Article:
The shootout scene was so realistic and genuinely awesome that it inspired a real-life robbery in North Hollywood, and I’ve even heard that police reference the scene when training recruits.

"Heat" is cinema at its finest. Mann’s repertoire made him the perfect choice to direct it, but there is another film of Mann’s that I believe more people should see, and it works great as a double feature alongside his 1995 crime-classic.

"Collateral" (2004), albeit on a much smaller scale than "Heat", is every bit as loud.

Mann has a highly recognizable repertoire. His film’s common traits are indeed visual and audible, but literary, too. Thematically, Mann is known for telling the same story in different ways – a story of a man who wants something more than anything but eventually does something to ensure he never gets it.

Tom Cruise has given some magnificent performances throughout his career, but none of them match his electric, focused intensity as Vincent (coincidence?), a lonely, pessimistic, super-deadly hitman who goes from friendly to killer quicker than you can say ‘Scientology’.

Once again, the film takes place in LA, and it’s the same kind of ‘City of Angels’ we see in "Heat". It’s a lonely place filled with people on-the-edge that are destined to fail due to the actions of no one but themselves.

Jamie Foxx, in perhaps the last role before he became the coolest guy in the room, plays Max (not Dillon), a cab driver and pushover who wants to start his own limo service but, let’s be honest, probably never will. Then Vincent gets in his cab, and his life will never be the same.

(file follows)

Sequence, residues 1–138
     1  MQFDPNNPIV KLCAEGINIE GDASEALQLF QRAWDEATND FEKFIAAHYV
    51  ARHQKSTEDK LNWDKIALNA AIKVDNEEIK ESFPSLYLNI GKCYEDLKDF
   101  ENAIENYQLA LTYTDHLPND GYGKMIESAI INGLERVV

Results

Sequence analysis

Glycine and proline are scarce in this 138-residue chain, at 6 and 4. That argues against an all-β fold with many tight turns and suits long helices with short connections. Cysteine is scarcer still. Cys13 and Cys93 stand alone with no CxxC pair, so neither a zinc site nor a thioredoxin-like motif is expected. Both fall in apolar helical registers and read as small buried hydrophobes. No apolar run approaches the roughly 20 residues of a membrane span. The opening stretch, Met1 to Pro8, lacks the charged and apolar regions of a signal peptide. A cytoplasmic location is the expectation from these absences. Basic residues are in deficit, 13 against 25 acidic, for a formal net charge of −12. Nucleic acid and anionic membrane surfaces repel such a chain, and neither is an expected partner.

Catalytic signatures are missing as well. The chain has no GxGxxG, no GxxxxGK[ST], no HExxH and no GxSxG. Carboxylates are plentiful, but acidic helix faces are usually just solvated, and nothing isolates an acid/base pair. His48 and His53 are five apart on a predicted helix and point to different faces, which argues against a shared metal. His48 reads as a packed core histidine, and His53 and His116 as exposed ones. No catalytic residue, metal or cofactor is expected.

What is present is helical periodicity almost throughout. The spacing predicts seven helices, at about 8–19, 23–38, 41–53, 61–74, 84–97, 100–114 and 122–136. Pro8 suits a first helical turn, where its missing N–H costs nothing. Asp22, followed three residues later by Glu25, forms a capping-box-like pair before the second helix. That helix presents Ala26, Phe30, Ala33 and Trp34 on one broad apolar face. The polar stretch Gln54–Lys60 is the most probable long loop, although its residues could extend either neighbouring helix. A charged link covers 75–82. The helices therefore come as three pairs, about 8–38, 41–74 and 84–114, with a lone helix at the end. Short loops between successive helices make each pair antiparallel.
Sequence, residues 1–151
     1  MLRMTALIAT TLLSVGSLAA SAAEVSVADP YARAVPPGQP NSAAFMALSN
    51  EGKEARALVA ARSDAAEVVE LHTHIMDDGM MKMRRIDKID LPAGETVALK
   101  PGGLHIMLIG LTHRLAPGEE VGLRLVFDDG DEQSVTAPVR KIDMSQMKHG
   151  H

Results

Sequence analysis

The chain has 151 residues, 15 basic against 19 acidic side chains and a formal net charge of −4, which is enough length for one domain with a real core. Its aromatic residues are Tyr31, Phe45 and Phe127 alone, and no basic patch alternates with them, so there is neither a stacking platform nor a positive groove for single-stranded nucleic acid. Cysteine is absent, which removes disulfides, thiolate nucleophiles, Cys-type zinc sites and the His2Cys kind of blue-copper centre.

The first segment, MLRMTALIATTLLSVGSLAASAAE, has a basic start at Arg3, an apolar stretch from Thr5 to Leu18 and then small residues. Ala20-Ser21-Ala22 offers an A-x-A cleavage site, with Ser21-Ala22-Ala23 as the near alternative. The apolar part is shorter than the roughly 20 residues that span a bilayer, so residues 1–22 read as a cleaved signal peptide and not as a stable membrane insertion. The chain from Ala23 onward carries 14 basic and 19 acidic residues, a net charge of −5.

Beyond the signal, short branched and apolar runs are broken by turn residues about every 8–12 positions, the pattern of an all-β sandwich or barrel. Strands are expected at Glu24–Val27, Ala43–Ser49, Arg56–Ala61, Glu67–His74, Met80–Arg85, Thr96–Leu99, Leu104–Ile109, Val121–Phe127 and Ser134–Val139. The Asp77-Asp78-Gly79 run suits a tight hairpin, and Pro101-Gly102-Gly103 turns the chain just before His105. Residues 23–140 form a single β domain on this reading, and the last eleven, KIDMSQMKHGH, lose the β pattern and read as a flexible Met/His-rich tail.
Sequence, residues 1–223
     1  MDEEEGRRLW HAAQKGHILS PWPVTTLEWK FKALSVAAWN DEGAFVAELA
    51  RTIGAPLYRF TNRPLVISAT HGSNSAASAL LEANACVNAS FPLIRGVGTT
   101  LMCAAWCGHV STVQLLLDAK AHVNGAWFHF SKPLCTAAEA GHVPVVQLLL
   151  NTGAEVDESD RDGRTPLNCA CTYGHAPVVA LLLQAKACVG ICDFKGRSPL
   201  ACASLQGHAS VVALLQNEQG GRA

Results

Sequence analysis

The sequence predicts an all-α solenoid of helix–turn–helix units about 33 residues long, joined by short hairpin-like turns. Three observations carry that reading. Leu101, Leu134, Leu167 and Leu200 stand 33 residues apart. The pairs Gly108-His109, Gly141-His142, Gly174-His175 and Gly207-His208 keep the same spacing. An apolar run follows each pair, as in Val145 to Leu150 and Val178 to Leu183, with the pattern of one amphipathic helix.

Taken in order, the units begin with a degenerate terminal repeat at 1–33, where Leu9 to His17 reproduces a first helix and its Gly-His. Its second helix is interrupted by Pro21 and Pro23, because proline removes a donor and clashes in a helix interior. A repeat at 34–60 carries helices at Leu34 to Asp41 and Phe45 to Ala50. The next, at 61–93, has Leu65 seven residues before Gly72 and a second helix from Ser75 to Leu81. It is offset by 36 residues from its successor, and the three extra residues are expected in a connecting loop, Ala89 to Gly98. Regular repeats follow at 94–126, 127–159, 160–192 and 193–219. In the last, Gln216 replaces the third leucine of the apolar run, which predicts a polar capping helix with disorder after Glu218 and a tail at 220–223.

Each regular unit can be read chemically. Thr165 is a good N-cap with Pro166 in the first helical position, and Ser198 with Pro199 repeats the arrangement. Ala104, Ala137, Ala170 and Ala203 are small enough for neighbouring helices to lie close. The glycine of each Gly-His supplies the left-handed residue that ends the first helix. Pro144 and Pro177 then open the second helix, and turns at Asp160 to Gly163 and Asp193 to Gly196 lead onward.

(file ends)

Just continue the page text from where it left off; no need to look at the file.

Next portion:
Cold logic

Vincent brings stone cold logic to Max’s life. Vincent is the kinda guy that makes no excuses, give him a task and he’ll get it done. When Max tells him about his plans for the future, Vincent knows exactly who this guy is – he’s heard it all before.

"Someday? Someday my dream will come? One night you will wake up and discover it never happened. It’s all turned around on you. It never will. Suddenly, you are old. Didn’t happen, and it never will, because you were never going to do it anyway," explains Vincent.

Some fans want to see a prequel, but I think that’s a terrible idea. The point of the film is to let the audience follow these two guys around for just one night and see where they end up.

At one point, Max asks about Vincent’s past in an attempt to find some humanity in this psychopath, to which Vincent responds with a joke about killing his dad. It’s clear that this man probably had a horrible childhood, and it’s a tragedy that he ended up the way he did.

"Collateral" is stylish, just like "Heat", and is also similarly realistic. Yet again, Mann had Cruise train with real guns. Together, the two worked to craft a character who at all times had both eyes open, scouting for potential danger. He’s a silver fox, patrolling Los Angeles and is one of the most compelling characters I’ve ever had the pleasure of watching.

"Heat" and "Collateral" is one of my favorite double features. It offers a stylish, cinematic view of LA and a highly compelling cast of characters who reflect the city itself.